Energy used in housing is one of the major sources of greenhouse gas emissions. We all can contribute by reducing our energy consumption. With more efficient windows and doors, you also reduce your heating or cooling costs, so the decision is a no brainer. That is why methods of lowering energy consumption and saving on heating costs are in high demand.
How do windows and doors contribute to the thermal insulation of a house or flat?
Good thermal insulation is only as effective as the weakest link in the chain. This is often, the old windows and entrance doors. The best masonry and wall insulations are of little use if you have inefficient doors and windows.
After long use, window and door frames often become warped and the seals lose their functionality. This allows cold air to flow freely into the rooms and warm air to escape.
The ‘Uw value’ is often used to express energy efficiency. What does it stand for?
This value, which used to be called the ‘k-value’, is also known as the thermal transmittance and is given in watts per square metre Kelvin (W/m²K). It indicates the amount of heat that flows through 1 m² of a window at a constant temperature difference between the outside and the inside of the window of 1 Kelvin.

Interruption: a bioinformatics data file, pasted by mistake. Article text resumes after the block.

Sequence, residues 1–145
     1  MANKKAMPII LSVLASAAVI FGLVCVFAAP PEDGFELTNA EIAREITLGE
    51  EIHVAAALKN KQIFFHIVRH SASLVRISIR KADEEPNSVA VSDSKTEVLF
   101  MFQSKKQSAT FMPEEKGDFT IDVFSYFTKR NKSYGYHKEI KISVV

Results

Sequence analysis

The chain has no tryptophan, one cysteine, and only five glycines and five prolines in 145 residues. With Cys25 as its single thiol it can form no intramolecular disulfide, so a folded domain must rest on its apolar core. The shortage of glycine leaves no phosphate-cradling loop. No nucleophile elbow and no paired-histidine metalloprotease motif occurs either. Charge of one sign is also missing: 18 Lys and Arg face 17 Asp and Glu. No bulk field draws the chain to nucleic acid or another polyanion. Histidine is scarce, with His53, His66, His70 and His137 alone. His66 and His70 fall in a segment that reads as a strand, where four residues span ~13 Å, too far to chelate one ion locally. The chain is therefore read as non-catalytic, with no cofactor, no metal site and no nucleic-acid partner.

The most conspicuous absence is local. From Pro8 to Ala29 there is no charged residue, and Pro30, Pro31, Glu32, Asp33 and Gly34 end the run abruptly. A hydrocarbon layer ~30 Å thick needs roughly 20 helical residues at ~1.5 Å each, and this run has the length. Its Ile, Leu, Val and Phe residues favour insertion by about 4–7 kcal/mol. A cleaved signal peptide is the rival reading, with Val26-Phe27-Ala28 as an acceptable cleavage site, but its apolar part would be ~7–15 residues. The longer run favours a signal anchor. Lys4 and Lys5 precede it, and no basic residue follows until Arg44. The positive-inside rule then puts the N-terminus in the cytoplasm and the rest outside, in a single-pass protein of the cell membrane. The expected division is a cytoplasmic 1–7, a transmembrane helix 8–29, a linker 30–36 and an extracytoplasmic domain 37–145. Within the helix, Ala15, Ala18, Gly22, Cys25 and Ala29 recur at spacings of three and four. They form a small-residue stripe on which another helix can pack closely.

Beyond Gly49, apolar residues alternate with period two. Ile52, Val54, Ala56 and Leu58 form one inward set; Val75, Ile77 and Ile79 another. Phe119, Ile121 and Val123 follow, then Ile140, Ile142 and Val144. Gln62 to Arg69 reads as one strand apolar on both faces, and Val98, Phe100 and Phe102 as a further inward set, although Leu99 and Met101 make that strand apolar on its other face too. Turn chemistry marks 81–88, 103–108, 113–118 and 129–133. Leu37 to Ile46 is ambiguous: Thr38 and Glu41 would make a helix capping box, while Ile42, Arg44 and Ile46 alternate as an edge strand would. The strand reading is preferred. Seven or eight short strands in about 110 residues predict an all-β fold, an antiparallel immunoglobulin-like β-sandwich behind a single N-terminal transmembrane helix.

Simply expressed, the thermal transmittance Uw is made up of the thermal transmittance of the frame and sash profile (Uf), the glazing (Ug) and the glazing sealant compound used.
Less is more when it comes to the U value: the lower the Uw value, the better the window’s thermal insulation.
Rule of thumb:
For every 10% improvement in the Uw value you save about 1.2 litres of heating oil per square metre of window area per year.
Doesn’t sound like much? Let’s say you replace your windows from before 1995 (approx. Uw = 2.8 W/m²K) with new Aplast insulated windows (Uw = 1.0 W/m²K). For a single-family dwelling with a window area of approx. 30 m² this amounts to approx. 650 litres less heating oil!
With insulating glass from Aplast even the stringent requirements can easily be met. Decisive for this result are the glazing thermal protection measures, the space between the glass panes and the spacers in-between them. The insulating glass panes, coated with wafer-thin metal foils allow the short-wavelength rays of light in, but reflect the long-wavelength heat rays from the living space back inside.
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